the Subtropical Dried Fruit

Subtropicals

The subtropics are geographic and climate zones located roughly between the tropics at latitude 23.5° (the Tropic of Cancer and Tropic of Capricorn) and temperate zones (normally referring to latitudes 35–66.5°) north and south of the Equator.
Subtropical climates are often characterized by warm to hot summers and cool to mild winters with infrequent frost. Most subtropical climates fall into two basic types - humid subtropical, where rainfall is often concentrated in the warmest months (for example Brisbane, Queensland or Jacksonville, Florida) and dry summer (or Mediterranean), where seasonal rainfall is concentrated in the cooler months (for example Naples, Italy or Los Angeles, California).
Subtropical climates can occur at high elevations within the tropics, such as in the southern end of the Mexican Plateau and in Vietnam and Taiwan. Six climate classifications use the term to help define the various temperature and precipitationregimes for the planet Earth.
A great portion of the world's deserts are located within the subtropics, due to the development of the subtropical ridge. Within savanna regimes in the subtropics, a wet season is seen annually during the summer, which is when most of the yearly rainfall falls. Within Mediterranean climate regimes, the wet season occurs during the winter. Areas bordering warm oceans are prone to locally heavy rainfall from tropical cyclones, which can contribute a significant percentage of the annual rainfall. Plants such as palms, citrus, mango, pistachio, lychee, and avocado are grown within the subtropics.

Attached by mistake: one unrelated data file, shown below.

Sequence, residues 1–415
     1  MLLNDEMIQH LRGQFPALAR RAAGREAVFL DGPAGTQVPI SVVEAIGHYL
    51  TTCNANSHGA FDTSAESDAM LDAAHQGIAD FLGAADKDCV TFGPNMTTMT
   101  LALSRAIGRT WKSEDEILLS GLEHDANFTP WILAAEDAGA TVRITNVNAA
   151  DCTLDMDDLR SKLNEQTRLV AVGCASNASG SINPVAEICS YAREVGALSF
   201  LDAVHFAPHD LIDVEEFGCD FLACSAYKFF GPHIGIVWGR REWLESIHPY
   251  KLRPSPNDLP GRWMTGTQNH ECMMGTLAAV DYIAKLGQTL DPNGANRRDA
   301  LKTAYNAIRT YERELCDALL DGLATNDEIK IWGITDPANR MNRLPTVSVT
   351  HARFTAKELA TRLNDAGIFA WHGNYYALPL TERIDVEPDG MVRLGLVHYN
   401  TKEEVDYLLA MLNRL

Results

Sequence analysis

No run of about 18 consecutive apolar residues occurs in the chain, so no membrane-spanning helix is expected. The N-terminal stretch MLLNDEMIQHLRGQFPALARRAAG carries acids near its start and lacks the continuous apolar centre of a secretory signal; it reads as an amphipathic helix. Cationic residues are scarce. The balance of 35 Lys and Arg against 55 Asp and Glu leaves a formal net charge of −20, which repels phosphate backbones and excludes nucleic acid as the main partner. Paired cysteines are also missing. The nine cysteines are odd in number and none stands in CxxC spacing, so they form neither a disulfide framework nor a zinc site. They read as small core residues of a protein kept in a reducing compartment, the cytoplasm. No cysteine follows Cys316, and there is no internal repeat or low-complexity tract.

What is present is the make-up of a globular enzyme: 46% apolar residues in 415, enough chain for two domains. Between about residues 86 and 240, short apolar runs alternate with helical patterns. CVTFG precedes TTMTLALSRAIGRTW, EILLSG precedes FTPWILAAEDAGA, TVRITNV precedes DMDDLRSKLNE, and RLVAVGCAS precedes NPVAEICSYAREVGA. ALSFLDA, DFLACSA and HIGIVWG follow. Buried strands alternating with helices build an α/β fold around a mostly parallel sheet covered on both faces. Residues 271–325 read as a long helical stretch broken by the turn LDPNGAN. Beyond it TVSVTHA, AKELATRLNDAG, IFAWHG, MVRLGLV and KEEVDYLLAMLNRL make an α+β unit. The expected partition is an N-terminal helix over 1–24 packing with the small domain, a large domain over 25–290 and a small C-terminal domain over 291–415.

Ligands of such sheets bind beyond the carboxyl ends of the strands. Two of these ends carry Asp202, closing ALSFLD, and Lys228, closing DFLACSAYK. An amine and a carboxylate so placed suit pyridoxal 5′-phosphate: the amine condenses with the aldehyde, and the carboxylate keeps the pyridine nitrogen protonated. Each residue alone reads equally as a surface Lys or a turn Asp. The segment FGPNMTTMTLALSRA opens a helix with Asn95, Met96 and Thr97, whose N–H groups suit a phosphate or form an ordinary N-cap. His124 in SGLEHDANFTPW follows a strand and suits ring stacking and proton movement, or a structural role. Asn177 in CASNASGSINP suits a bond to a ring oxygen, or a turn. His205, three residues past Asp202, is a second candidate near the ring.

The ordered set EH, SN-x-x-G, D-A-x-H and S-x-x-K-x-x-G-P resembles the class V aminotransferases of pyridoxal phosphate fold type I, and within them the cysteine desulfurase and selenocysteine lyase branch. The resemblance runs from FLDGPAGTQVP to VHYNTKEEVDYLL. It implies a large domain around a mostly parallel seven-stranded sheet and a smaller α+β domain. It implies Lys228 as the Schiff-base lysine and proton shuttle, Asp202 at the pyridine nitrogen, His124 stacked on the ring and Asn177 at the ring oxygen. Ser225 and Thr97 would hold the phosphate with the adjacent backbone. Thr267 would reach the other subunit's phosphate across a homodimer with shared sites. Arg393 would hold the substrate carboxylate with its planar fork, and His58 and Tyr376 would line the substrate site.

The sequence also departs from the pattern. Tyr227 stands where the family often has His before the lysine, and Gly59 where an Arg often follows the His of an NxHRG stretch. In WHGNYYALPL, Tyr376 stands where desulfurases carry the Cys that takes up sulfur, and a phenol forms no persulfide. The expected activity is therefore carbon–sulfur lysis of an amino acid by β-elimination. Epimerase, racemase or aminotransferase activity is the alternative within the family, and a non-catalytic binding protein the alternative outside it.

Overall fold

Dried Fruit

Dried fruit is fruit from which the majority of the original water content has been removed either naturally, through sun drying, or through the use of specialized dryers or dehydrators. Dried fruit has a long tradition of use dating back to the fourth millennium BC in Mesopotamia, and is prized because of its sweet taste, nutritive value,[citation needed] and long shelf life.
Today, dried fruit consumption is widespread. Nearly half of the dried fruits sold are raisins, followed by dates, prunes, figs, apricots, peaches, apples and pears. These are referred to as "conventional" or "traditional" dried fruits: fruits that have been dried in the sun or in heated wind tunnel dryers. Many fruits such as cranberries, blueberries, cherries, strawberries and mangoare infused with a sweetener (e.g. sucrose syrup) prior to drying. Some products sold as dried fruit, like papaya, kiwi fruit and pineapple are most often candied fruit.
Dried fruits retain most of the nutritional value of fresh fruits.[citation needed] The specific nutrient content of the different dried fruits reflects their fresh counterpart and the processing method.

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